Myth #13 – Pre-nuptial agreements are not worth the paper that they are written on.
Very few clients seek advice on pre-nuptial agreements prior to getting married. In addition to the common misconception that pre-nuptial agreements will not be upheld by the Bermuda courts, there are a number of other myths that often prevent people from seeking this sort of advice such as:
• Pre-nuptial agreements are only for wealthy people.
• Pre-nuptial agreements are designed only to protect the wealthier spouse and take away the other spouse’s legal entitlements.
• Pre-nuptial agreements are not romantic.
Although no one wants to start a conversation that contemplates the breakdown of a marriage before it begins, having a candid and open dialogue regarding how finances will be approached will ensure that there are no surprises after the marriage.
Whether you are Gwyneth and Chris or John and Jane, it makes good and practical sense to have discussions about issues such as finances, children, career plans and other major decisions before tying the knot in order to ensure that finances are handled with minimal conflict during the marriage and minimal expense in case of divorce.
Deciding whether or not to enter into a pre-nuptial agreement provides a method by which you can sit down with your fiancé and discuss these important issues before the wedding day.
It might even help solidify your union and ironically, make it less likely that you will ever need to rely on your pre-nuptial agreement.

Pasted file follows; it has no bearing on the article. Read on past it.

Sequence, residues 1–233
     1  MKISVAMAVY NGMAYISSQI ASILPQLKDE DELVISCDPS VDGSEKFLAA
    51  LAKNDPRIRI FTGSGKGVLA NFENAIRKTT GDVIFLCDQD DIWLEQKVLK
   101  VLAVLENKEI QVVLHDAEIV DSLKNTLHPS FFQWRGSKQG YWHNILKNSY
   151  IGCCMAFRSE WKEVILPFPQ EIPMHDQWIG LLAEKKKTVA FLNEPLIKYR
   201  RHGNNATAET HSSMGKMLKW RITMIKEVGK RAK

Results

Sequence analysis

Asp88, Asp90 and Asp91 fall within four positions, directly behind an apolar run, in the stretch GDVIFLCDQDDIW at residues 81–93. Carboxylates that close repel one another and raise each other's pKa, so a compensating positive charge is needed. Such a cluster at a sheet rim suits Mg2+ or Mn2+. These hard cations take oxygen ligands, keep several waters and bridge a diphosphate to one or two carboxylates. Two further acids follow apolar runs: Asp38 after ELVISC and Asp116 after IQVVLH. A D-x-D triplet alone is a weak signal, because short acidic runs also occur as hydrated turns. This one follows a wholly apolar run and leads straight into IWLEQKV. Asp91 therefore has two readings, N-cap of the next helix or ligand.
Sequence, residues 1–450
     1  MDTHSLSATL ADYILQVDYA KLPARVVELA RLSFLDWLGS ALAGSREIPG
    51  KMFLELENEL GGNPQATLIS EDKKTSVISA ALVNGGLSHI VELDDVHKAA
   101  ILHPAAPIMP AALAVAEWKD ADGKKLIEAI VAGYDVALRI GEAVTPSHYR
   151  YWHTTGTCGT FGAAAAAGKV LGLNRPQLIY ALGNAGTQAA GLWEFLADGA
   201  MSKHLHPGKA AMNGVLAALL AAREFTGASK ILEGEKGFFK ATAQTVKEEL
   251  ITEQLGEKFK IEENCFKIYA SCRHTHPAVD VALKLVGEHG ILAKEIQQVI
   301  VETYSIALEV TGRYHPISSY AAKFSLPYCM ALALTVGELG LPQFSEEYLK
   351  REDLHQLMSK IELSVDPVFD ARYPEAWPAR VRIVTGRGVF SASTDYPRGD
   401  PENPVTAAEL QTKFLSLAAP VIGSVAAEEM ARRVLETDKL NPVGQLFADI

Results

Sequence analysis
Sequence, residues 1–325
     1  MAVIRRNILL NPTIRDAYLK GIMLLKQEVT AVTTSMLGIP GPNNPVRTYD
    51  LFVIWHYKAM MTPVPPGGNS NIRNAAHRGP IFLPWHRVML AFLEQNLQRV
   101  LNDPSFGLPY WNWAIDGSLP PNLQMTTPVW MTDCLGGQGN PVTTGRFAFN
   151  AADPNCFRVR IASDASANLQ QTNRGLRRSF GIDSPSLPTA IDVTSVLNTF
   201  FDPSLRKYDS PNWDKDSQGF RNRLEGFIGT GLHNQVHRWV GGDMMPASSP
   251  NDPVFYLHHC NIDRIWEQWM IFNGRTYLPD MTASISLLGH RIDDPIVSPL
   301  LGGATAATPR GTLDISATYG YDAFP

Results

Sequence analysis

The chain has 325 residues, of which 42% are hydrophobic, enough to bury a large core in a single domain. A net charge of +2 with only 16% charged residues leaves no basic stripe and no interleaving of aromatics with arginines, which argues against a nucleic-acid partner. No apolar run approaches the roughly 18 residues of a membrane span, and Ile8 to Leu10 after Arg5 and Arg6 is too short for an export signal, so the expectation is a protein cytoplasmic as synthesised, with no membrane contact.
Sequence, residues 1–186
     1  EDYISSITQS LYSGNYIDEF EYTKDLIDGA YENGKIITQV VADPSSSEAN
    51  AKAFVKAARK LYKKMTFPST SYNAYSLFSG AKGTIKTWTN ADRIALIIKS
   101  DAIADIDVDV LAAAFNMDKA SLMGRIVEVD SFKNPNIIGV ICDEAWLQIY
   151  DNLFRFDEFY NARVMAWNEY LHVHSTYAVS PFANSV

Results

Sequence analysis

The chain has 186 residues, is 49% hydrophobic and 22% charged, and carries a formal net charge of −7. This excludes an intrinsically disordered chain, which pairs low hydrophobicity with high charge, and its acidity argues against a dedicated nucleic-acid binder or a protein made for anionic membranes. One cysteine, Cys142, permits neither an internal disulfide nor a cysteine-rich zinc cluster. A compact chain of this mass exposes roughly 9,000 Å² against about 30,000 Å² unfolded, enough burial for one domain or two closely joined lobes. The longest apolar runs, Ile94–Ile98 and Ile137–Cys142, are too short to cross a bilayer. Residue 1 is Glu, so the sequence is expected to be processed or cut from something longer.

Historically, the courts had held that pre-nuptial agreements were unenforceable as they were seen as being against public policy.
This view has changed over time and now pre-nuptial agreements are viewed as a circumstance of the case that the court will take into account when deciding an application for financial relief.
Although pre-nuptial agreements are not automatically legally binding as the parties cannot override the court’s discretion to decide how to redistribute their assets and income on divorce, the UK Supreme Court decision in Radmacher v Granatino (which is highly persuasive to the Bermuda courts) decisively changed the old view so that courts will uphold a pre-nuptial agreement that is freely entered into by both parties with a full appreciation of its implications unless in the circumstances prevailing it would not be fair to uphold the agreement. When the test set out in Radmacher is satisfied as summarized below, a pre-nuptial agreement can have a substantial impact on a judge’s decision and can be upheld in its entirety.
A. Agreement must be freely entered into.
Both parties must enter into the agreement of their own free will without any pressure from the other or from a third party.
They must be on equal footing and freely able to negotiate the terms. The agreement is unlikely to be upheld if there is any evidence of mistake, duress, undue influence, misrepresentation or unconscionable conduct, such as the exploitation of a dominant position to secure an unfair advantage.